The doctor weighs in

The doctor weighs in

Barbara Giesser

What should I do if I have an exacerbation while traveling?.

The first thing to remember is what an exacerbation is. It’s a worsening of old symptoms or the appearance of new ones that lasts at least 24 hours. This is important because stress, heat, and/or fatigue (all of which easily happen while traveling) could cause a temporary symptom flare, which should clear by the next day. If symptoms persist, do you have signs of infection? new bladder symptoms? a fever? symptoms of flu or a cold? If there is an infection, have it treated. Your flare may be a pseudoexacerbation.

In the event of a true exacerbation, seek medical evaluation, preferably by a neurologist. However, if you have a predictable response to steroids and you’ll be traveling in an area where medical help might not be available, your physician may give you a prescription for a brief (1-2 weeks) supply of oral prednisone to take with you just in case.

I’m pecking my injectables in an insulated carry-on bag, but suppose I can’t freeze my Blue Ice?

Avonex, Betaseron, and Copaxone (before they are reconstituted) can stay at temperatures that don’t exceed 86 [degrees] for a total of 7 days. Ice can usually be obtained on airplanes, trains, and in hotels.

Remember to pack clean plastic bags for ice holders.

Do I need a note from my neurologist to get through airport security with my needles?

Some airports, particularly overseas, may have more stringent security standards. So, yes, it’s safest to have a doctor’s note certifying that you are on injectable prescription medication. Additionally, tours or cruise lines may require a “fitness to travel” letter from your doctor.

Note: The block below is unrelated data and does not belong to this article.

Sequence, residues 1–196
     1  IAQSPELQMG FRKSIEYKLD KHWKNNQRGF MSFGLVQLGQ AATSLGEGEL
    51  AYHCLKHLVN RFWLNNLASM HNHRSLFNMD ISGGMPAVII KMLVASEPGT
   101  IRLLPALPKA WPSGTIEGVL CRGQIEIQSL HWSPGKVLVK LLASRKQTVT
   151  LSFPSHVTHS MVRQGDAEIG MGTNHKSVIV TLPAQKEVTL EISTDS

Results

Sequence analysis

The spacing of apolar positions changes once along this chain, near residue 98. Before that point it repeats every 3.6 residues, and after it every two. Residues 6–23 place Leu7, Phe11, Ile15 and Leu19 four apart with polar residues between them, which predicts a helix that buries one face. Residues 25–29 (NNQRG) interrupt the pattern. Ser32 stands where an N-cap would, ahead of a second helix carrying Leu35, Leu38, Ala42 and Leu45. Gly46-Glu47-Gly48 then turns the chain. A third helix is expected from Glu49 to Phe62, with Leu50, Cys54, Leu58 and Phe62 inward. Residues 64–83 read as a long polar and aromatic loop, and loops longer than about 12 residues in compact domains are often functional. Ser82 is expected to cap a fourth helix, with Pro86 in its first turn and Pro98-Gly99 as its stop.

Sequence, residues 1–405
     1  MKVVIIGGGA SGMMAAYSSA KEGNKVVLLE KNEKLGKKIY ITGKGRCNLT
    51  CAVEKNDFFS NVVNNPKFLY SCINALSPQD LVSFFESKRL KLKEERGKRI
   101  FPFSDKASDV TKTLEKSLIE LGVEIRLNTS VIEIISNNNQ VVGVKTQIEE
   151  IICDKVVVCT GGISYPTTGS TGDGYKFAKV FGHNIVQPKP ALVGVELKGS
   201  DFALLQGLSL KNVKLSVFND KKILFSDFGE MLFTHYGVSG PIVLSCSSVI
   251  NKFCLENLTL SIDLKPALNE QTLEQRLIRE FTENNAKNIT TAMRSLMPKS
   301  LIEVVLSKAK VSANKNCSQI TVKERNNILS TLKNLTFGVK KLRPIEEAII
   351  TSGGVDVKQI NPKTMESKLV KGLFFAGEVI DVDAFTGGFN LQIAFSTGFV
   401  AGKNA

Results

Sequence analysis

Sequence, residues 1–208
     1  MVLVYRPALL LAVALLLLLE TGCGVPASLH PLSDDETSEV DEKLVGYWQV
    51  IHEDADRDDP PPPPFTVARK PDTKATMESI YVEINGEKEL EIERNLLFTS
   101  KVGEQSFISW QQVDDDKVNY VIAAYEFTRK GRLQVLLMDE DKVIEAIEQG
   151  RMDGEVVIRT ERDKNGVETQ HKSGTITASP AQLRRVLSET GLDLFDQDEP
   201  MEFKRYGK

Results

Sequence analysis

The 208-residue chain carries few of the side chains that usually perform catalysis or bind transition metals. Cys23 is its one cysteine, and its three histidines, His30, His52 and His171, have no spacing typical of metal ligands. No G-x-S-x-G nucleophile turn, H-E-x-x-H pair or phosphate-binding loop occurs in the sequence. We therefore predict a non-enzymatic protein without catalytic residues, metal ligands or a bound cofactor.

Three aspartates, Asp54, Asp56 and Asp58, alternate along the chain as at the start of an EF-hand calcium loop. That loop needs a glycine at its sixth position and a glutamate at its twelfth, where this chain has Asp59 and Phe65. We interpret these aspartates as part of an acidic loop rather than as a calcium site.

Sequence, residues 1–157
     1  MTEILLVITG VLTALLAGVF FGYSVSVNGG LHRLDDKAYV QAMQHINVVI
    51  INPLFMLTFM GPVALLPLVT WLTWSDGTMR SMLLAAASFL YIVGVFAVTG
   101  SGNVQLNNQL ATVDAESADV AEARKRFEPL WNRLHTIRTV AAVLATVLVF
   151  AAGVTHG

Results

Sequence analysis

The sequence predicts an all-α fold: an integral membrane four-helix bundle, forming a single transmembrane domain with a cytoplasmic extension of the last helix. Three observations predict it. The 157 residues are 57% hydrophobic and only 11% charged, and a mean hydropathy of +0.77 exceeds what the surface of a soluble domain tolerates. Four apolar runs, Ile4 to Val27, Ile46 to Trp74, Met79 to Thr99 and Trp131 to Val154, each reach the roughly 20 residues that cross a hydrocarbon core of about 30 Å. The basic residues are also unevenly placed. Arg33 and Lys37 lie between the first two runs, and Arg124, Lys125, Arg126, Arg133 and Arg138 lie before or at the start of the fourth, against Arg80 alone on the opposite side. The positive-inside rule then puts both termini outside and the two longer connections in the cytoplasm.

What do you recommend for diarrhea? motion sickness? or Third World travel?

Over-the-counter anti-diarrheals, such as Kaopectate, Pepto-Bismol, or Imodium, work well. The biggest problem from diarrhea is dehydration. If you are traveling in less-developed areas, it’s wise to pack some electrolyte-rich “sports” liquids. Persistent diarrhea, or diarrhea accompanied by fever or abdominal pain that lasts more than a day, needs medical evaluation. Over-the-counter Dramamine works for motion sickness, or your doctor may give you a prescription for Antivert (meclizine). The Centers for Disease Control posts vaccination recommendations for everywhere in the world. Ask your doctor to check their valuable Web site: .

Barbara Giesser, MD, is a clinical neurologist who has specialized in MS care for more than 20 years; she is chair of the editorial board of this magazine.

COPYRIGHT 2001 National Multiple Sclerosis Society

COPYRIGHT 2002 Gale Group